JY: Behind the camera, there are still relatively few artists in virtually every aspect of production. We need more writers, producers and directors. Most Asian-Canadian directors I know have been making indie features, shorts, animation and documentary forms. A number of Asian-Canadian directors are enjoying success in independent documentary film, then slipping into reality television which supports them as they work on their next film, documentary or drama. Those trying to break into directing episodic drama and comedy are still having a much more difficult time.
In general though, I feel that things are shifting in our Toronto film and television industry. In recent years, I have worked on several shows — The Expanse, Orphan Black, Shoot the Messenger, Private Eyes — that all featured more people of colour both in front of and behind the camera than I had grown to expect after decades of being one of a very few people of colour on set. God, I remember my first days on set. I would enter the craft truck and very loudly announce my name and my role so that everyone would know I was "talent" and not some scavenging extra to be sent off to background holding. So often, people automatically assumed I was [an extra] because I was Asian. That doesn't happen anymore.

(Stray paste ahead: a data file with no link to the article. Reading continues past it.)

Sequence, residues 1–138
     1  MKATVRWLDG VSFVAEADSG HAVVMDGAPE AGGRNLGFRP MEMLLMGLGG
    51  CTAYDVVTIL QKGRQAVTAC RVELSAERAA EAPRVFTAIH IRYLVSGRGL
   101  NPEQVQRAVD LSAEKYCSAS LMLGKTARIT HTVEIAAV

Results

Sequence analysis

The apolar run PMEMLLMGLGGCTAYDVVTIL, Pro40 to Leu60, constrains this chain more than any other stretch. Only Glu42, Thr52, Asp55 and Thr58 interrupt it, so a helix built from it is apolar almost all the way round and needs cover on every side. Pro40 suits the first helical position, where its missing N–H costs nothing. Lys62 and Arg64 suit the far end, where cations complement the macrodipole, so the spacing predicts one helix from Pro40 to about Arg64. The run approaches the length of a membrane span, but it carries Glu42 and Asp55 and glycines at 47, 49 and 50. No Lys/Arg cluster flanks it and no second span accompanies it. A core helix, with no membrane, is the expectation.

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SC: Change is happening. We can all feel it. On Kim's we were very clear about wanting diversity behind the camera as well as in front. I'll be honest — we were more successful in below-the-line roles than we were on the director front. It became obvious to me that women just hadn't been offered the same high profile series so would naturally not have equal resumes. I am excited by season two because both in the writing room and on the director front we are pushing much harder to expand the world of Kim's and I think that will have an impact on set and on the screen. I am fortunate to be working with a team of creators, producers and a broadcaster that have made this important.
We are a diverse country. Our media landscape needs to reflect that reality. So, yes, barriers have been broken — but there are many more ahead that need to be demolished too.- Tracey Deer
What to you make of what just happened at the Oscars? I don't mean "envelope gate," but the fact that a remarkable micro-budget film about a black gay man — with a very diverse team working behind the camera —ultimately won best picture.
SC: I must admit to my personal bias. I thought Moonlight was the most important film of the year because it achieved what all great films do: it transported us into another world and into the lives of others in a way that left us changed. The fact that is was low budget and made by a team that included an African-American writer, director and cast should give us all hope. Imagine the influence Barry Jenkins can have in the next few years. We can and should make films of the same scope and scale here in Canada.